‘Fail fast!’

‘Sure we are good with failure.’

‘We are okay with failures as long as we learn.’

‘We want more innovation.’

‘We are risk averse.’

‘We talk about innovation, but failure isn’t tolerated.’

‘Failure is not okay here – we deal with human safety.’

Platitudes, contradictions, confusion. I have heard all these and more from leadership teams I work with. Our individual and organisational relationship – failure is fraught!

I recently read the latest book by Amy Edmondson (who introduced the concept of ‘psychological safety’) – ‘Right Kind of Wrong: Why Learning to Fail Can Teach Us to Thrive’. This book made me realise that getting clear on what failure actually is would help our conversations.

Defining Failure

Failure is an outcome that deviates from the desired results. For example, a technical implementation that doesn’t work, or a product that launches without the expected sales. In short, failure is a lack of success!

However, failure shouldn’t be confused with errors. Errors (or mistakes) are unintended deviations from prescribed standards, such as a patient receiving surgery on the wrong arm or a marketing email sent to the wrong database.

Violations add another distinction. Violations are when an individual intentionally deviates from the rules, such as choosing not to complete prescribed compliance checks or deliberately ignoring OH&S laws.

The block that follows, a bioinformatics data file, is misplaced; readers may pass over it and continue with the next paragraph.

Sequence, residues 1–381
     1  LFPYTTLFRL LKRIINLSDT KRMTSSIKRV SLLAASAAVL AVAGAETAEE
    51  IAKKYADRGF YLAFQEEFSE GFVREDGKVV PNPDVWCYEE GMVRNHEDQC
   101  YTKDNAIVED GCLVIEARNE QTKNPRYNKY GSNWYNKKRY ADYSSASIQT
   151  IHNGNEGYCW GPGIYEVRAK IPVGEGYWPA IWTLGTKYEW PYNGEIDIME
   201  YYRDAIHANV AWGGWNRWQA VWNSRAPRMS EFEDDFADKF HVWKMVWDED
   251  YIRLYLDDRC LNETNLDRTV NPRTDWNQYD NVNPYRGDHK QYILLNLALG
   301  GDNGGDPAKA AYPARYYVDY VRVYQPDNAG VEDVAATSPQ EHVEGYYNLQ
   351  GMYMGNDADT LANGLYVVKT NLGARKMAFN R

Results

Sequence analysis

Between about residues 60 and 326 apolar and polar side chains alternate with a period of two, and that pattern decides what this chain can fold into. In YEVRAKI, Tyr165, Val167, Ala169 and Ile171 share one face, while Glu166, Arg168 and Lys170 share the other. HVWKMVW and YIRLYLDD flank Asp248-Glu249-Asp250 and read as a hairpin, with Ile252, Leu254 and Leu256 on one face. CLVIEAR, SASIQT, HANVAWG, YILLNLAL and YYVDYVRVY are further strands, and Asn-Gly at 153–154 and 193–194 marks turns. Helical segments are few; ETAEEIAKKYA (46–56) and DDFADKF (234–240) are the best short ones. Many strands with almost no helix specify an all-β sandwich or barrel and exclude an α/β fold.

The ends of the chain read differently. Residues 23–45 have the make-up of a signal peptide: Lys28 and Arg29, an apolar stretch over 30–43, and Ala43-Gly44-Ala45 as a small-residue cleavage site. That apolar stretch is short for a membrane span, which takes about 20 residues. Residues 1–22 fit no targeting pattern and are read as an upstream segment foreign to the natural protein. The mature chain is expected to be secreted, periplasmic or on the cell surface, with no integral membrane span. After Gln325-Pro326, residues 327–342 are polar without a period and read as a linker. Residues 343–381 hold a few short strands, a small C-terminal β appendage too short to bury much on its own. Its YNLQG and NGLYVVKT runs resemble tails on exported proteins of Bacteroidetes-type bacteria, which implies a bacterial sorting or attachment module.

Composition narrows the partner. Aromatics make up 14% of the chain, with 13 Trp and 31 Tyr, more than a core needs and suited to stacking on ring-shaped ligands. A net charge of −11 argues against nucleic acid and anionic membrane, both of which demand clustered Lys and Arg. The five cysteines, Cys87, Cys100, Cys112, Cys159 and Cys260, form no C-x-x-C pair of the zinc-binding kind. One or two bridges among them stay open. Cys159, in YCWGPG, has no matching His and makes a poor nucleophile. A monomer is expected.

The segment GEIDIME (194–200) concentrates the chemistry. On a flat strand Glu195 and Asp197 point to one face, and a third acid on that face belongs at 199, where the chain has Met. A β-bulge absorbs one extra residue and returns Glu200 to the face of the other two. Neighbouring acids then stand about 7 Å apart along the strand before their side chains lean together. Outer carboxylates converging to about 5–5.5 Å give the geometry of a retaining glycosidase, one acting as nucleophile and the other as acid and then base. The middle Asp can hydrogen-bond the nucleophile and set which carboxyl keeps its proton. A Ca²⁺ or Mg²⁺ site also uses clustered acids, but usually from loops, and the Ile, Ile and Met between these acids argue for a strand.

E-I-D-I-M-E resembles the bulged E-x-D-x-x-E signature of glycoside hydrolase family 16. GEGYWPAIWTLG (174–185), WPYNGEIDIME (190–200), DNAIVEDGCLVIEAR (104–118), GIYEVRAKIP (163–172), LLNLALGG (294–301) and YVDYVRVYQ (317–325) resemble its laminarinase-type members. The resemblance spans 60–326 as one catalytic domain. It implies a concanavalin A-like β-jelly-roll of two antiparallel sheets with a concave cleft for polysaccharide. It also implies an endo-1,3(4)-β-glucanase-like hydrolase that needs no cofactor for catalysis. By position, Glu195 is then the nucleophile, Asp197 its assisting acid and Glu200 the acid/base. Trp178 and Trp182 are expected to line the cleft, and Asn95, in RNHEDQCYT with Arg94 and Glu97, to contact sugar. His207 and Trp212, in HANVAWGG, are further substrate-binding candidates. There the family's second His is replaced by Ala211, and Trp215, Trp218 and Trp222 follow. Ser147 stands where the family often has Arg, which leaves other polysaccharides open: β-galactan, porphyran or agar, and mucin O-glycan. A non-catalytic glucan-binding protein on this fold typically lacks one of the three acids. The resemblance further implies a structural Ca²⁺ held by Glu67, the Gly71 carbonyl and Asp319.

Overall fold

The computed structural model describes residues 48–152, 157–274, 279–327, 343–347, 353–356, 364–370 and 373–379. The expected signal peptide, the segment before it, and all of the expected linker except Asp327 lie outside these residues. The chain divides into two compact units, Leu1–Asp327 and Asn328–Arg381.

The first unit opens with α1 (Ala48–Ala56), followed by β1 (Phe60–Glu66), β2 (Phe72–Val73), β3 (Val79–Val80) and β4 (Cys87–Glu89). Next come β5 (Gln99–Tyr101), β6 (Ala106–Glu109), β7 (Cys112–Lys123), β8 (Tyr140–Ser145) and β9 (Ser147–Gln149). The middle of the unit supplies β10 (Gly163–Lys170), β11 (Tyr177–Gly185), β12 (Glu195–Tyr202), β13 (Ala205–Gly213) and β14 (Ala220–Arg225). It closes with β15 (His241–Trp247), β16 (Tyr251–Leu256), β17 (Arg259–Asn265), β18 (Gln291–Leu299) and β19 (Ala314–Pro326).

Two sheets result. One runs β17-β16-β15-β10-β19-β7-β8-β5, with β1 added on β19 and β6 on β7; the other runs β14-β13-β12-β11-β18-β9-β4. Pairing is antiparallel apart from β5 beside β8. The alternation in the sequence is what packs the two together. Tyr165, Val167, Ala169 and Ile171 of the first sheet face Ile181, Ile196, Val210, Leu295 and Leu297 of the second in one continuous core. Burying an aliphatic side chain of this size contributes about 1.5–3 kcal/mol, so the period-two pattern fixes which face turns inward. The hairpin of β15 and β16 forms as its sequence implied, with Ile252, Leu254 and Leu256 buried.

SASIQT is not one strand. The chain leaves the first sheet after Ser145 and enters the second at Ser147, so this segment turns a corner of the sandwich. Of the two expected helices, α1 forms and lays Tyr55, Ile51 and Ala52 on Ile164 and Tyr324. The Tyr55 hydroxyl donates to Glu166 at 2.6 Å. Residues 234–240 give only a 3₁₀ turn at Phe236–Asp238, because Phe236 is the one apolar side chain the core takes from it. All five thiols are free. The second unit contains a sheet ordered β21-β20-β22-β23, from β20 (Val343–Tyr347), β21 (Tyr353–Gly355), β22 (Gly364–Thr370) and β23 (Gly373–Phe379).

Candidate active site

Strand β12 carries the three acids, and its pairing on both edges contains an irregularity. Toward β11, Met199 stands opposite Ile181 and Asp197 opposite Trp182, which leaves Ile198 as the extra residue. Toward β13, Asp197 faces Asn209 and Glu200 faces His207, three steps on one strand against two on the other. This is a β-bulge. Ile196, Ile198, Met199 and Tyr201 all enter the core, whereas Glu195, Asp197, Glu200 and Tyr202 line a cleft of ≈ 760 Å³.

Reducing mistakes (and definitely violations) in your leadership is a worthy goal. Avoiding failures is not, because not all failures are bad.

Intelligent Failures

One line from Edmondson’s book that stands out is ‘A thoughtful hypothesis not supported by data is the right kind of wrong’. In other words, having an idea or hunch without enough data to support it, and conducting small experiments to test it. If they succeed, the hypothesis is firmed up; if they fail – an intelligent failure – more is learned about the situation.

But how willing are we to fail in this way, and how well do we learn from it?

Challenges in Failing Well

Edmondson states that failing well is hard for three reasons: aversion, confusion, and fear. We have an instinctive emotional response to failure, we lack good frameworks for understanding failure, and we worry about the social stigma of failure. I have seen all three in organisations and have definitely experienced them all myself!

Since reading this book, I have been reflecting on my own relationship with failure, particularly the need to be clear on my hypotheses, and playful in my approach. I’ve also been thinking about how to support leadership teams in overcoming their own aversion, confusion, and fear, so they can model a healthier response to failure for the whole organisation.

How could you shift your response to failure?

This is a book I highly recommend—I listened to the audiobook and read (and scribbled over) the paperback.

Go Fearlessly – Corrinne


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